Image Credit: Paul Lowry

Cambridge launches competitor to Oxford University’s Physic Gin

Image Credit: Paul Lowry

Following the successful launch of Physic Gin, a brand created by the University of Oxford, Cambridge University has this month released its own gin. 

Oxford University began marketing their Physic Gin back in February 2018. It features flavourings of wormwood, Szechuan pepper, opium poppy seed, calamus root and gentian root, all of which are grown in the University’s Botanical Garden. 

Physic Gin also featured a base made from ancient grains of barley. These grains were extracted from a number of historic thatched roofs across Oxfordshire and cultivated into a full crop which could then be hand-scythed and machine-threshed.

Cambridge’s Gin, which has been  named Curator’s Gin, has, like Oxford’s gin, been infused with flavours found in the University’s Botanical Garden. 

Curator’s Gin is characterised by a variety of floral flavourings, and ingredients including lavender, an unusual “green ginger” rosemary and berries from the dozens of varieties of juniper grown in the garden.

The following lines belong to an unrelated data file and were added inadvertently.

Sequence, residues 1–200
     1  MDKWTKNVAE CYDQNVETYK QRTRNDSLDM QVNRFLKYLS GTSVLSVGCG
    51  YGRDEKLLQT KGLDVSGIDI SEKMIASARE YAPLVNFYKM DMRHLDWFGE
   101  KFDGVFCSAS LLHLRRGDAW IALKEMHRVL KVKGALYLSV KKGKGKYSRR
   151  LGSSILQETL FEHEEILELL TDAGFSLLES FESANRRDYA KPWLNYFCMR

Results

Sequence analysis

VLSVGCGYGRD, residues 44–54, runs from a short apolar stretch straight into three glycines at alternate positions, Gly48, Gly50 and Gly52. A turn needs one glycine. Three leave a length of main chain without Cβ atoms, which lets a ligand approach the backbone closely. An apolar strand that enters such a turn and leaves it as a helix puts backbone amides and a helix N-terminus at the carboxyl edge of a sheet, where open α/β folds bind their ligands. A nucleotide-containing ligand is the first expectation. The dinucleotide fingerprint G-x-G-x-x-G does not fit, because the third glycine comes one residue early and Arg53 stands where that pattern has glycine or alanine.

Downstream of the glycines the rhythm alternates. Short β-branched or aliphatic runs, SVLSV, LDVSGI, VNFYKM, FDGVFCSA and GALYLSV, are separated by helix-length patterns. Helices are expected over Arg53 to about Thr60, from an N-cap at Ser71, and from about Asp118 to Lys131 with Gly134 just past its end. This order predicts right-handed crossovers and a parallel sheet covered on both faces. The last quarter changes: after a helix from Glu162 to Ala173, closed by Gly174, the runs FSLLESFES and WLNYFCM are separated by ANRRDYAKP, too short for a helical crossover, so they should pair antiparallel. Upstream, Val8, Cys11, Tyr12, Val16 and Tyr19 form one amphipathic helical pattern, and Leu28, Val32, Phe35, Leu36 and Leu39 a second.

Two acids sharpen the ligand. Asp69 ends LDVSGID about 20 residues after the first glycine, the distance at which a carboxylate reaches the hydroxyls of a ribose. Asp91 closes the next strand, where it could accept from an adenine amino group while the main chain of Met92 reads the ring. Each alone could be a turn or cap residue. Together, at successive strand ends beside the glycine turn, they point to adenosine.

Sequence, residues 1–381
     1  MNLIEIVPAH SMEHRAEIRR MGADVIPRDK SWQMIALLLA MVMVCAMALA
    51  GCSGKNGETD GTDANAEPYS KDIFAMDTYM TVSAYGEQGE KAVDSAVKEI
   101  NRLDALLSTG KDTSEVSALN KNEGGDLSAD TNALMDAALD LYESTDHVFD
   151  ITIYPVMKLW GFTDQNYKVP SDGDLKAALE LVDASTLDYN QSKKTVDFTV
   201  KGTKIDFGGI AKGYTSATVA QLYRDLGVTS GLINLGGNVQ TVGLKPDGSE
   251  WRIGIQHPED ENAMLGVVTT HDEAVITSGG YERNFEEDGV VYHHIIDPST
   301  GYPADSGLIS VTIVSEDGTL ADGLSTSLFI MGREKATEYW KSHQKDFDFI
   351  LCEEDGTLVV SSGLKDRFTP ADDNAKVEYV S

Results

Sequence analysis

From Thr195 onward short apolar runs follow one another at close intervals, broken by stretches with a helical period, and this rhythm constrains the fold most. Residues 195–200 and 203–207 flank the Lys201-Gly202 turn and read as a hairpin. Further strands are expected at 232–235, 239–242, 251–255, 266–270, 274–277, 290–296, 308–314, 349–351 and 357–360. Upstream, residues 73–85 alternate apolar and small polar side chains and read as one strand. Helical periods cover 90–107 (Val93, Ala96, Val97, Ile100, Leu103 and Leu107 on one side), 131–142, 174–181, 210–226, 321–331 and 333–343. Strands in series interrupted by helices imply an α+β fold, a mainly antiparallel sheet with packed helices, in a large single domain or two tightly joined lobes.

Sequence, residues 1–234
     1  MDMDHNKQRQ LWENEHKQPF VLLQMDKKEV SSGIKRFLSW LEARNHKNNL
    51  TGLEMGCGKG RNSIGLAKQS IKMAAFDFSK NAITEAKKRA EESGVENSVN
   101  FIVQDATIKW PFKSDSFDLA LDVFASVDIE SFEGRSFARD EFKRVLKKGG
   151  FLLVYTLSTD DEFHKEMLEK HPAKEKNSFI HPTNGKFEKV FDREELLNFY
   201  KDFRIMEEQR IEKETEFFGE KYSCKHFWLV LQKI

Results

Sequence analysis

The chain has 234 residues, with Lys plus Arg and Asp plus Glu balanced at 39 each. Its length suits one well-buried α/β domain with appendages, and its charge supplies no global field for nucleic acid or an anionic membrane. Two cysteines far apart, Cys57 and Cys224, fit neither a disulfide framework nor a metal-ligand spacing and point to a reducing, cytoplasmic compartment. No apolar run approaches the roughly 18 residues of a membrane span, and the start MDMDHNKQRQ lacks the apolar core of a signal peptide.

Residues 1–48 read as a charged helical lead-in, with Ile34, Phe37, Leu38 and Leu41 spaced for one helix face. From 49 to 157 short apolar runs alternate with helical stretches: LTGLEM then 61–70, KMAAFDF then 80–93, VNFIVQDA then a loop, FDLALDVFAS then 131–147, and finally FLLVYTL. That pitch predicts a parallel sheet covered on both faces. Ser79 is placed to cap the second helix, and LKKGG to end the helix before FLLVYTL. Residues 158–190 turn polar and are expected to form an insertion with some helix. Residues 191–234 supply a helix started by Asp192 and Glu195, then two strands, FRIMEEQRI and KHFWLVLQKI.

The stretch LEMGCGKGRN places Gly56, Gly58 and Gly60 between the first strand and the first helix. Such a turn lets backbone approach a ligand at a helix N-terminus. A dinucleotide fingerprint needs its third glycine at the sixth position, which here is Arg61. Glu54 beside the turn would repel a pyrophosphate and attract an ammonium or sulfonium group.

“We had already been making gins for a dozen Cambridge colleges, using botanicals from their college gardens, when the offer came [from the University] asking whether we would like to have the keys to the sweet cupboard,” said William Lowe, co-founder of the distillery, Cambridge Gin in a statement to The Guardian.

He went on: “We were allowed unprecedented access to the university’s botanic garden itself, which was the holy grail for us.

“As an area of academia, it has this wonderful range of botanicals that are simply not available anywhere else, which enables you to bring a degree of complexity to the gin that would otherwise be lacking from the distillation process.”

The ginger rosemary has been described as an ingenious addition to the gin. The one plant alone has a flavour profile which when distilled adds aspects of ginger and rosemary to the gin simultaneously. 

Curator’s Gin is will be sold for around 40 GBP, making it 5 GBP more expensive than Oxford’s Physic Gin.